Saudi Arabia’s unexpected role in brokering the release of foreign fighters detained in Ukraine was just the latest example of how the kingdom is seeking to bolster its international standing, diplomats and analysts say.

It also enables Riyadh to argue that preserving ties with Moscow -– a source of tension with Washington, especially since Russia’s invasion of Ukraine -– can be a positive factor, while potentially deflecting attention from human rights concerns that consistently generate negative headlines.

The release of the 10 foreign fighters, including two from the United States and five from Britain, came alongside a broader prisoner-of-war swap, brokered by Turkey, that saw 215 Ukrainians walk free while Russia received 55 prisoners.

A former Ukrainian lawmaker and ally of Russian President Vladimir Putin were among those released.


The foreigners, who landed in Riyadh on a chartered jet last Wednesday, also hailed from Morocco, Sweden and Croatia.

Expressions of gratitude for Saudi Arabia immediately poured in from Washington, London and beyond, with officials highlighting the personal involvement of Crown Prince Mohammed bin Salman.

“It is a first for sure,” Ali Shihabi, a Saudi analyst close to the government, said of the deal.

“In this case, it was an opportunity to leverage Saudi’s ties with Russia for a good cause,” he said, adding that similar arrangements could be possible in the future.

– A prince’s rehabilitation –

Before war broke out in Ukraine seven months ago, Saudi Arabia — and Prince Mohammed in particular — was still struggling to overcome diplomatic isolation resulting from the 2018 killing of journalist Jamal Khashoggi in the kingdom’s Istanbul consulate.

Last year, US President Joe Biden declassified an intelligence report that found Prince Mohammed had approved the operation against Khashoggi, an assertion Saudi authorities deny.

But the spike in energy prices triggered by Russia’s invasion spurred a number of Western leaders to travel to Saudi Arabia to appeal for ramped-up oil production, notably then-UK prime minister Boris Johnson and Biden himself, who swallowed an earlier vow to make the Saudi leadership a “pariah”.


German chancellor Olaf Scholz this weekend became the latest major leader to visit the kingdom.

Saudi Arabia has largely resisted the calls to pump more oil, coordinating with the OPEC+ cartel it jointly leads with Russia.

At the same time, the world’s biggest crude exporter has benefited financially from the war. Oil giant Saudi Aramco announced record profits and the kingdom’s economy is expected to grow 7.6 percent this year, according to the International Monetary Fund.

Moves like mediating a prisoner swap allow Prince Mohammed “to prove to the West that he is a reliable person in international affairs” — despite, or even because of, his close ties with Putin, said a Riyadh-based Arab diplomat.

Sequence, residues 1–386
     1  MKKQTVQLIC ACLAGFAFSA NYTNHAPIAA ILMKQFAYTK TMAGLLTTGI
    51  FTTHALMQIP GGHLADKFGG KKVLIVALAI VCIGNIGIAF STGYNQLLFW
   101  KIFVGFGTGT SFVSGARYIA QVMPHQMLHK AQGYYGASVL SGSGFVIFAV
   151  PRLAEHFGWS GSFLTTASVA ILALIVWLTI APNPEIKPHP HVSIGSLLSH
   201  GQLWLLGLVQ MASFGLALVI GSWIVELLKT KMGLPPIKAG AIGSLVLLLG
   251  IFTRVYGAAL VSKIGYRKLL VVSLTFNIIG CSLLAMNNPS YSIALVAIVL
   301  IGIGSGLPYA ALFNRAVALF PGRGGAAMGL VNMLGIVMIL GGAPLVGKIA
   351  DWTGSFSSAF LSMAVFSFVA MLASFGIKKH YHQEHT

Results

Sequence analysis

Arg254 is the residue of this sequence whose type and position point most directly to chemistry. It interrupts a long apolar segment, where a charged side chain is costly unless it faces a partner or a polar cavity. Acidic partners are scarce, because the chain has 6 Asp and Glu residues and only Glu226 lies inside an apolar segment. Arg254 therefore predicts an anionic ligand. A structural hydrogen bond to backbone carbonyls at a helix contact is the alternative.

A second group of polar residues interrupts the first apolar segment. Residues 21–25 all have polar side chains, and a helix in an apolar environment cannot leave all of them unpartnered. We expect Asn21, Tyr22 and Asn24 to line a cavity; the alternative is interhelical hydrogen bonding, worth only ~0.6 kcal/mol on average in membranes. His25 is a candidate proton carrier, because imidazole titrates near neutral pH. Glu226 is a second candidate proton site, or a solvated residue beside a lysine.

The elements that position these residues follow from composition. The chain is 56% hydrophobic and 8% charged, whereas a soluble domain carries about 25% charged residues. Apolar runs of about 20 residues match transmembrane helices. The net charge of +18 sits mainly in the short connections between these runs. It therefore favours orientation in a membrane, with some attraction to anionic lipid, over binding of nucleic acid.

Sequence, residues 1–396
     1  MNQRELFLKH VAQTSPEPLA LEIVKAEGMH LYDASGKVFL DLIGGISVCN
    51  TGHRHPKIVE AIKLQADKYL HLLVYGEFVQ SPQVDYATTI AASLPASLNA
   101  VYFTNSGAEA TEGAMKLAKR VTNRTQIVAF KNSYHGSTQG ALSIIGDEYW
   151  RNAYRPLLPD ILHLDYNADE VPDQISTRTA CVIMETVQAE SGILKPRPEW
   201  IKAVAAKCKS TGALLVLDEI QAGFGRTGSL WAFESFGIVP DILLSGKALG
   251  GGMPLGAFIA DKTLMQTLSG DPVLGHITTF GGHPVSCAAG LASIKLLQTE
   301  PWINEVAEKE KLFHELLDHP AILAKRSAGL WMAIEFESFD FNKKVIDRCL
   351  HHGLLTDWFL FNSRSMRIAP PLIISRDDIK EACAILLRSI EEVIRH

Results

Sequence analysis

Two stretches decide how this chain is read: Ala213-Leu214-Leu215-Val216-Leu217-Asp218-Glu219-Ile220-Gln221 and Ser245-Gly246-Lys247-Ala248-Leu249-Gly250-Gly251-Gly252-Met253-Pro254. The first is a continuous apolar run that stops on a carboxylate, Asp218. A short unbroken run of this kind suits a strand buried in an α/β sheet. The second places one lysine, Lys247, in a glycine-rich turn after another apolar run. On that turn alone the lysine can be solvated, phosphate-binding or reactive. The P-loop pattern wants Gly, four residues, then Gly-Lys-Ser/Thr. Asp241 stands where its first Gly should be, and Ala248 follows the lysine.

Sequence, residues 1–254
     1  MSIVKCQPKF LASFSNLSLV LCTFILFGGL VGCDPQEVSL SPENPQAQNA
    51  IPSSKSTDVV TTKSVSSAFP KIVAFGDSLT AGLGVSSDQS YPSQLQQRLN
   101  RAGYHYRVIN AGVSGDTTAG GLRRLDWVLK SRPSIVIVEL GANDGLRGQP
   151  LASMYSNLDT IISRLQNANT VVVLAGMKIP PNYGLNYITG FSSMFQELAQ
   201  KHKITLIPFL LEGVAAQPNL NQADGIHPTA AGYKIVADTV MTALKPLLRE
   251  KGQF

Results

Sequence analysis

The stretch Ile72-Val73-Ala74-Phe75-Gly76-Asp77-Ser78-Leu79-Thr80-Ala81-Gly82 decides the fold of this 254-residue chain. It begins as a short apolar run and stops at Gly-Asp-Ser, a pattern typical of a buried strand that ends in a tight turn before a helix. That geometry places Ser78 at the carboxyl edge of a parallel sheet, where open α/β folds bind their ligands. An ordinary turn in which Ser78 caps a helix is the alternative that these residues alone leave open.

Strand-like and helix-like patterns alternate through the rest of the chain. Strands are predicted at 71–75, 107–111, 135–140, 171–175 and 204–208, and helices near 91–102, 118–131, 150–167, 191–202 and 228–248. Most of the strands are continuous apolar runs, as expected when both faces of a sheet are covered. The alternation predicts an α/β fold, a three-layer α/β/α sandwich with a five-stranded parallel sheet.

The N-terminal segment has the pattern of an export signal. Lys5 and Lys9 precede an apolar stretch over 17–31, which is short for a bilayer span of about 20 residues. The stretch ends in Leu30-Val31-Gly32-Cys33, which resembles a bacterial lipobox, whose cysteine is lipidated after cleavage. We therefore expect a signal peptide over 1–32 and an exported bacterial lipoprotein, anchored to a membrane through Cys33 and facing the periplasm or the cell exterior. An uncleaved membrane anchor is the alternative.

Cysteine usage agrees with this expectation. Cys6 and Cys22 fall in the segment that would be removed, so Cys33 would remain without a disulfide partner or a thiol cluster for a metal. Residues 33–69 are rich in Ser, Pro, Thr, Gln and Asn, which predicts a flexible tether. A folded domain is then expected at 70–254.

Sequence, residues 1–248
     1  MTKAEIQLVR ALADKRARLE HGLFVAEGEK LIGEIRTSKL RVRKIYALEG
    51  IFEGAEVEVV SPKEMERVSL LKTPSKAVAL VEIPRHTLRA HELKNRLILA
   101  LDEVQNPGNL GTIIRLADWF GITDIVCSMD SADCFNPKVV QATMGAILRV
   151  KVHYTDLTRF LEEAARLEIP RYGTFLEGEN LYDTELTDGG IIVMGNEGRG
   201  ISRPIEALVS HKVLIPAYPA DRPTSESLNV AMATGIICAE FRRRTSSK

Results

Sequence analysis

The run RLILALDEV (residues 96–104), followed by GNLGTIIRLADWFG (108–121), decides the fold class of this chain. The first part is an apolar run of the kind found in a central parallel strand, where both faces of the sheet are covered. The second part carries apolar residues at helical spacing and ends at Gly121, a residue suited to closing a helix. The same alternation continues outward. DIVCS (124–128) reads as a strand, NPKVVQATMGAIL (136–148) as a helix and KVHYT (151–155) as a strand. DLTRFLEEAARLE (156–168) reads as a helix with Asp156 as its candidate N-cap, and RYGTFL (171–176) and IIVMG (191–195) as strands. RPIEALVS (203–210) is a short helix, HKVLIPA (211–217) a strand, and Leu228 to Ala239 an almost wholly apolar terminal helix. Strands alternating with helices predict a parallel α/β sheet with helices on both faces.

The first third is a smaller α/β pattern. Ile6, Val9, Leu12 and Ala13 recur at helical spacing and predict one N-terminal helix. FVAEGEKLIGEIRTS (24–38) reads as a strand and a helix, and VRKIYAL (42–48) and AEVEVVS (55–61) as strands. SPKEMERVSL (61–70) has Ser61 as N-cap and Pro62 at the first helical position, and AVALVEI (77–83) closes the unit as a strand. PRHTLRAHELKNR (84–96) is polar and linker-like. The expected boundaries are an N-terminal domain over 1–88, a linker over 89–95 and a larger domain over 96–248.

“His intervention in this way also creates headlines that cover up stories like harsh judicial rulings” against government critics, the diplomat said, citing the cases of two women who received decades-long prison sentences, apparently for their social media posts.


The Saudi foreign minister, Prince Faisal bin Farhan, told the BBC at the weekend that the Saudi mediation was for purely “humanitarian reasons” and that it was “very cynical” to think the kingdom was out to burnish its reputation.

– MBS’s ‘new confidence’ –

Several of Saudi Arabia’s neighbours have traditionally embraced mediation roles in pursuit of diplomatic clout within and beyond the region.

Oman has leveraged ties with Iran to negotiate prisoner swaps, including for detained Americans, and Qatar has done the same with groups like the Taliban and Al-Qaeda-affiliated militants in Syria.

“Turkey has also increasingly taken on this kind of role in recent years, especially in Syria and more recently in Ukraine,” said Alex Stark, senior researcher at the New America think-tank in Washington.

“Saudi Arabia has also seen how Turkey has won praise and attention for brokering the grain deal with Russia and Ukraine, and may be seeking to replicate that success.”

In addition to the Ukraine war, Riyadh has long been active closer to home including in Lebanon and Yemen, where it is leading a military coalition against Iran-backed Huthi rebels.


All the while, though, the kingdom is making clear its soft-power ambitions extend further than ever — even to space, where, under a programme unveiled last week, it plans to send astronauts next year, including a woman.

It was another sign of an increasingly emboldened and ambitious Prince Mohammed.

The war in Ukraine, the Riyadh-based diplomat said, “has given him new confidence in himself”.

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